By Errol Castens/NEMS Daily Journal Oxford Bureau
OXFORD – After a public hearing in which the audience mostly opposed proposals for paid streetside parking, aldermen nevertheless authorized negotiating a contract to manage that effort.
The Downtown Parking Committee (now Commission) began work on the issue in 2010. Its recommendation is to hire Standard Parking, which operates in more than 300 U.S. cities, to manage fee-based parking on the Square and a few nearby blocks.
“Free parking sometimes creates more problems than it solves in terms of being equitable, giving everybody a chance,” said commission member Ron Hipp.
Mayor Pat Patterson said one aim would be to encourage downtown employees to leave storefront spaces for diners, shoppers and other visitors.
“We have 700 spaces in the (central business district) and 600 employees,” Patterson said. “That speaks to the problem right there.”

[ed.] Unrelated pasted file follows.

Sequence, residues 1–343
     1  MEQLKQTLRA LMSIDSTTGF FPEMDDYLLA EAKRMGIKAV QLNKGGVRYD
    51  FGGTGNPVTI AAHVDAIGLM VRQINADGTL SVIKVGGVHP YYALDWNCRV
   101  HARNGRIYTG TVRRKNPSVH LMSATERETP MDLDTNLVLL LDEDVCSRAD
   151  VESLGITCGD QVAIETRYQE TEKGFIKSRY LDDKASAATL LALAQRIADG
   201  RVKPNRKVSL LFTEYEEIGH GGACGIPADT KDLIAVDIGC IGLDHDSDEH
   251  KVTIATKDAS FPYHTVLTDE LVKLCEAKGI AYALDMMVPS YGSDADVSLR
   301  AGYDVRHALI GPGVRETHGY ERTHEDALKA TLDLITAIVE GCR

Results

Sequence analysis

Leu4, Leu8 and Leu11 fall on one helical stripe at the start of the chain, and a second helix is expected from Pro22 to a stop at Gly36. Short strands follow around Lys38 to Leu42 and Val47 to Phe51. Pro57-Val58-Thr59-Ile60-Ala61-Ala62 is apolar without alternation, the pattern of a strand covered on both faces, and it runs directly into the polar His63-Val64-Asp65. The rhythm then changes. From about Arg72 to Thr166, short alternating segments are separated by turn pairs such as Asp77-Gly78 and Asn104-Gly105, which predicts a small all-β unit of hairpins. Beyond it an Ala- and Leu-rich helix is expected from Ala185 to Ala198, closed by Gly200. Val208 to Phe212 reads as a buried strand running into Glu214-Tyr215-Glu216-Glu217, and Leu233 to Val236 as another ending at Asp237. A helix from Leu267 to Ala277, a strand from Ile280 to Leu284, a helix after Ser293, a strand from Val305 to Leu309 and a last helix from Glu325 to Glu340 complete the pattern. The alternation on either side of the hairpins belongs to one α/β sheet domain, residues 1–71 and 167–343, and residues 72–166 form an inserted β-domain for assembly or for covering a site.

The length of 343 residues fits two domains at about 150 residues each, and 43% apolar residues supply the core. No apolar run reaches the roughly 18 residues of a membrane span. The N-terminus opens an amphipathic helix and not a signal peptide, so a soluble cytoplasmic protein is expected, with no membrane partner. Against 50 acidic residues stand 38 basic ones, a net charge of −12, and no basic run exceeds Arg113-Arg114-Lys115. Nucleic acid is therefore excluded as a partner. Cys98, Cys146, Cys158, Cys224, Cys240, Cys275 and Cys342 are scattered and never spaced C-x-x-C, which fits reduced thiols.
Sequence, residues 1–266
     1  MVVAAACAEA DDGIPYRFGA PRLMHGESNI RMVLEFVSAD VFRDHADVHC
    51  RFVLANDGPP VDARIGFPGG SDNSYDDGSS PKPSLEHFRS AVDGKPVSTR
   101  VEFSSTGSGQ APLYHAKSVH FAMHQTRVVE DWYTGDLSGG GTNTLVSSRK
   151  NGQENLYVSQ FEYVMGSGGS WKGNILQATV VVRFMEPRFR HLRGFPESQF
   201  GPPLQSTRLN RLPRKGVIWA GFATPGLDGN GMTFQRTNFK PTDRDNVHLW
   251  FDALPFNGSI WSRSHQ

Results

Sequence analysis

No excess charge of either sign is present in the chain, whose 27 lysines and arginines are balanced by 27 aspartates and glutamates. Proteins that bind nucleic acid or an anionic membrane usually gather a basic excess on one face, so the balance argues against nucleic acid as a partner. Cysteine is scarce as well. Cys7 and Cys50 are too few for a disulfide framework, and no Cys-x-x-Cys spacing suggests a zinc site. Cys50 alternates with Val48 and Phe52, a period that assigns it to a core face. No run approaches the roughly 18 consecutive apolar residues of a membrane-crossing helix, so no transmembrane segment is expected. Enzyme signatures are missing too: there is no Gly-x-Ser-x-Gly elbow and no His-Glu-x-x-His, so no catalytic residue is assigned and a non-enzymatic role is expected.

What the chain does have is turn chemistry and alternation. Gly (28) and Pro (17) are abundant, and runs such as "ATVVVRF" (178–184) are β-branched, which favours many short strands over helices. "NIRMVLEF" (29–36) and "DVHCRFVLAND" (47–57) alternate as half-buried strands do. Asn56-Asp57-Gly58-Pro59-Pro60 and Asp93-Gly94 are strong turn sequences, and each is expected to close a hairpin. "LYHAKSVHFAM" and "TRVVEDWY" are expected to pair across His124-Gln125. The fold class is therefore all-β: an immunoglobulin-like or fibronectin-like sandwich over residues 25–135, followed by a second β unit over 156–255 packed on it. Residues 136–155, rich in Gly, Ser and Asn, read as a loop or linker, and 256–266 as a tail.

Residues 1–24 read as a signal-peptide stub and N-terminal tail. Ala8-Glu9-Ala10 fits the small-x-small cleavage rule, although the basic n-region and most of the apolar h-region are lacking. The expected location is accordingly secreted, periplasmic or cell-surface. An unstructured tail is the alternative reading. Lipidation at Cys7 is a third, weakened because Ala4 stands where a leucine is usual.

Under the proposal, drivers would pay $1 per hour for downtown parking. Some critics say a two-hour limit is too little time for dining or shopping. One bank officer noted that the daily deposits many of his customers make require only a five-minute stop, for which a dollar would be unreasonable.
Commissioners also propose free handicapped parking, but Jack McKenzie said University of Mississippi students, among others, would game the system.
“If you allow free parking to anyone with a handicap placard, you’re going to have SUVs with placards taking up spaces all day,” he said.
Dr. Bill Baker predicted cars deflected from the Square would end up on narrow nearby residential streets.
“We’ll have to aggressively enforce there,” Patterson said.
Businessman Will Lewis said surplus revenue from managed parking should offset taxes for downtown properties, whose assessments he said are skewed by out-of-town speculators.
Patterson said he hoped paid parking would help Oxford motorists reorder their aversion to walking a block or two.